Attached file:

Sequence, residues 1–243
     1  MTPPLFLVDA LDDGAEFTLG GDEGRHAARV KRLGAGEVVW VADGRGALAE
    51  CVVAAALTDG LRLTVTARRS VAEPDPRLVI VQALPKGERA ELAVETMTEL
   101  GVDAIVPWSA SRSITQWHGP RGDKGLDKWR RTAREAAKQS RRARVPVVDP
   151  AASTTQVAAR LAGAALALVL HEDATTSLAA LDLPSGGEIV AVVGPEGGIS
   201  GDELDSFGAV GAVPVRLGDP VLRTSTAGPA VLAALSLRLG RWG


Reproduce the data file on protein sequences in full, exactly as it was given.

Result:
Sequence, residues 1–243
     1  MTPPLFLVDA LDDGAEFTLG GDEGRHAARV KRLGAGEVVW VADGRGALAE
    51  CVVAAALTDG LRLTVTARRS VAEPDPRLVI VQALPKGERA ELAVETMTEL
   101  GVDAIVPWSA SRSITQWHGP RGDKGLDKWR RTAREAAKQS RRARVPVVDP
   151  AASTTQVAAR LAGAALALVL HEDATTSLAA LDLPSGGEIV AVVGPEGGIS
   201  GDELDSFGAV GAVPVRLGDP VLRTSTAGPA VLAALSLRLG RWG